In the News

Category Archives: In the News

April 22: Weekly Roundup of COVID-19 Coverage from CHIBE Faculty

By | In the News

COVID-19Find selected coronavirus coverage from CHIBE-affiliated faculty members here:

Human Resource Executive: Number of the day: Coronavirus stress (Sally Welborn)

Forbes: How College Campus Closings Are Affecting Graduating Seniors (George Loewenstein)

KLFY: LSU and K Health team up to provide Louisiana residents free access to doctors (Rebekah Gee)

Daily Signal: Problematic Women: Saving Lives and Livelihoods of Equal Importance in COVID-19 Fight (Gail Wilensky)

The Philadelphia Inquirer: Coronavirus is separating dying patients from their families. Now, healthy people are making sure end-of-life wishes are known (Scott Halpern)

People: Worried About Your Kids During Quarantine? Don’t Worry, Says an Expert: ‘Most Won’t Remember It’ (Adam Grant)

USA Today: Can I still go for a walk, run under stay at home orders? Should I wear a mask? (Carolyn Cannuscio)

The Philadelphia Inquirer: The coronavirus pandemic is playing out behind hospital walls. On social media, these doctors and nurses give a peek into the front lines (Kit Delgado)

The Philadelphia Inquirer: What happened to all the toilet paper, according to professors of psychology and supply chains (Deborah Small)

People: Doctors Concerned About Lung Damage to Coronavirus Patients from Long-Term Ventilator Use (Scott Halpern)

Seattle Times: How to help others during a pandemic when they’re too embarrassed to ask (George Loewenstein)

The Washington Post: Coronavirus killed a mother and her three sons, devastating their surviving relatives (Rebekah Gee)

Medium: Novel, Real-Time Data for Getting Ahead of COVID-19 and Safely Easing Physical Distancing Policies (Kit Delgado and Alison Buttenheim)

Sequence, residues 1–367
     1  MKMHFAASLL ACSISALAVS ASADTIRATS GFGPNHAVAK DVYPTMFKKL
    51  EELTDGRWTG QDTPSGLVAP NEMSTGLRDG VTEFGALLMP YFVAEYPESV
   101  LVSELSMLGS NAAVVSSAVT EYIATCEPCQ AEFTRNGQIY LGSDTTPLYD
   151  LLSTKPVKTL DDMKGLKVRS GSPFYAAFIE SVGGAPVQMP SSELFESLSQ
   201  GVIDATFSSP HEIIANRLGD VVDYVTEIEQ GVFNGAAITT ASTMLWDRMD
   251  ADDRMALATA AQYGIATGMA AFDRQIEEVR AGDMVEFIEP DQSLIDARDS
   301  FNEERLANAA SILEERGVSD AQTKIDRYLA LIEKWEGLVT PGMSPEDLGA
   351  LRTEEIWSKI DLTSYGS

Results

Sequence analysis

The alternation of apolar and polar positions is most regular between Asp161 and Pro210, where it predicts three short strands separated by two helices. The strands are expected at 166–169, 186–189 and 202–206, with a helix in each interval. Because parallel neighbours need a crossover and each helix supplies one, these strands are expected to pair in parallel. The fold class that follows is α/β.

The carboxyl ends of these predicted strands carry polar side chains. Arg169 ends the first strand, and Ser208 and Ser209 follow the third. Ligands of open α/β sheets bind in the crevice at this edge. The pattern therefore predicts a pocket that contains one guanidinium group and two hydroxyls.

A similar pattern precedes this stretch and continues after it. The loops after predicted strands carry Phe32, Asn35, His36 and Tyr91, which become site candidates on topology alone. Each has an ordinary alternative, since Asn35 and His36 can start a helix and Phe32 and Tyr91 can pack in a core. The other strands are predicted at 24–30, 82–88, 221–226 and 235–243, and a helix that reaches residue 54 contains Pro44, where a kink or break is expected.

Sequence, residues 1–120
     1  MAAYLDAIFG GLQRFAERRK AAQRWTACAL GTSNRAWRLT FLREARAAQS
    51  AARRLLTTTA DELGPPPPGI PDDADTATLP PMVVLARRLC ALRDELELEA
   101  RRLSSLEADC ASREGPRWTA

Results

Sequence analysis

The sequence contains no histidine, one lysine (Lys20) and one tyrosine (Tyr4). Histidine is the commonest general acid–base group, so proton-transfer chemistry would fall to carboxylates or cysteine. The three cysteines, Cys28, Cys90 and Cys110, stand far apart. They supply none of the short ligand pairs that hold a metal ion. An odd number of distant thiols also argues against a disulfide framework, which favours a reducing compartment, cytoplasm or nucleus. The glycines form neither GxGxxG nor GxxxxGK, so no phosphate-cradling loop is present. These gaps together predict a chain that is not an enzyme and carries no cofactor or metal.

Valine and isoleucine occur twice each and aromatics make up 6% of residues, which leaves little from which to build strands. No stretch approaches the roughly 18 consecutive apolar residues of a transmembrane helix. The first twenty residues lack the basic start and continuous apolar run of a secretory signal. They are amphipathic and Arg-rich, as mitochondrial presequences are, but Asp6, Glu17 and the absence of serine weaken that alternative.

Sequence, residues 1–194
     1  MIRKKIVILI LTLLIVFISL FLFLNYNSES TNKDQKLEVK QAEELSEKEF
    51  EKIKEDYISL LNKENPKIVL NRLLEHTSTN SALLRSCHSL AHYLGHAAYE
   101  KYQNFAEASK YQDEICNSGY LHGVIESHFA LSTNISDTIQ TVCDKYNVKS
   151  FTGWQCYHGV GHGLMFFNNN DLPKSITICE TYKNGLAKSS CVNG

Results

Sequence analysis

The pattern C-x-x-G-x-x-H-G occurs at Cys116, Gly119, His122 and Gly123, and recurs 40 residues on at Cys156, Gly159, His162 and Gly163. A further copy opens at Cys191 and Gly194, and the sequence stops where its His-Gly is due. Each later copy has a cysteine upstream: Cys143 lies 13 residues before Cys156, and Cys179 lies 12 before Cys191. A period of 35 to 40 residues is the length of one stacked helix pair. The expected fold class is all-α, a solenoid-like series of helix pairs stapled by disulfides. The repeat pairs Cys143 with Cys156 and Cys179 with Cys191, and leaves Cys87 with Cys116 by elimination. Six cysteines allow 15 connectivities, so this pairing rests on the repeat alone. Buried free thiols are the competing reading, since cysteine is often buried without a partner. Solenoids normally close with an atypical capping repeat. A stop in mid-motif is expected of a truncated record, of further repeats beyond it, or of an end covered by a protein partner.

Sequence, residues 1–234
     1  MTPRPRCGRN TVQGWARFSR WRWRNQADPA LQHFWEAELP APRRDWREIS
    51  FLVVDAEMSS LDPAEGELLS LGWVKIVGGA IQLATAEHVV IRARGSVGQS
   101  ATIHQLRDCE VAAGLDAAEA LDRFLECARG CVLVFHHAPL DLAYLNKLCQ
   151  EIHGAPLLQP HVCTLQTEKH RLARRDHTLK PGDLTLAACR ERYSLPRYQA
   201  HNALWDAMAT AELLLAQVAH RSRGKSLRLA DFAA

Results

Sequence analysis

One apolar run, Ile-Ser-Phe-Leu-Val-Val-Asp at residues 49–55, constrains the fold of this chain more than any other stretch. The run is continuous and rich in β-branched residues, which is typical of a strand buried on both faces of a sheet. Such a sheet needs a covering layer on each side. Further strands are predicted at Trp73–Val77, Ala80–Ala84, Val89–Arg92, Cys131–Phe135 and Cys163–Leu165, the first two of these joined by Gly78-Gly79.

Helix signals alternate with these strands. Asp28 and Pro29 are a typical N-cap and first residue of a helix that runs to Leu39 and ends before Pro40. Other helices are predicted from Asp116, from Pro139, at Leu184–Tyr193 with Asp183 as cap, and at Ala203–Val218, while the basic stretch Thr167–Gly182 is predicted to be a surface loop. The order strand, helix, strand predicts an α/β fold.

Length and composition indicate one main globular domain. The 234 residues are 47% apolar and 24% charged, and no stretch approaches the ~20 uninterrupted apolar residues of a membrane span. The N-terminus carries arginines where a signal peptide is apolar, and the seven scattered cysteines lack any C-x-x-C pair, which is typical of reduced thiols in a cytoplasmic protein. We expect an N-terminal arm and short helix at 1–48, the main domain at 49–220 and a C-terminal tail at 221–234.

The Philadelphia Tribune: Contact tracing for COVID-19 starts on a small scale in Philly (Carolyn Cannuscio)

The Atlantic: Business and Science Are Pointing in the Same Direction (Kevin Volpp, David Asch, and Ralph Muller)

The Conversation: Hand-washing and distancing don’t have tangible benefits – so keeping up these protective behaviors for months will be tricky (Gretchen Chapman and George Loewenstein)

Sharon Herald: Gov. sets target date of May 8 (Alison Buttenheim)

Pittsburgh Action News: Some Democratic PA lawmakers rebuke calls for a ‘rush to reopen’ in the face of COVID-19 pandemic (Alison Buttenheim)

Washington Post: As protesters swarm state capitols, much of the coronavirus backlash is coming from within (Alison Buttenheim)

TribLive: Protesters in Pittsburgh demand Gov. Wolf to reopen businesses amid coronavirus pandemic (Alison Buttenheim)

April 15: Weekly Roundup of COVID-19 Coverage from CHIBE Faculty

By | In the News

COVID-19Find selected coronavirus coverage from CHIBE-affiliated faculty members here:

Wharton: Kevin Volpp on Wharton Business Daily (Kevin Volpp)

Penn Today: Rapid response to COVID-19 puts the power of innovation to the test (Carolyn Cannuscio)

The Philadelphia Tribune: Memes, flip phones, compassion: How Philly is fighting coronavirus’ inequitable spread (Carolyn Cannuscio)

The Philadelphia Inquirer: The coronavirus pandemic is playing out behind hospital walls. On social media, these doctors and nurses give a peek into the front lines (Kit Delgado)

The Philadelphia Inquirer: Tips to help parents cope during school closures (Rinad Beidas)

The Philadelphia Inquirer: Why are so many black Americans dying of COVID-19? (Carmen Guerra and Karen Glanz)

The Philadelphia Inquirer: Do I need to wash my shoes when I come inside? (Carolyn Cannuscio)

ITWire: COVID-19: Google Cloud launches virtual agent support program (Kevin Volpp)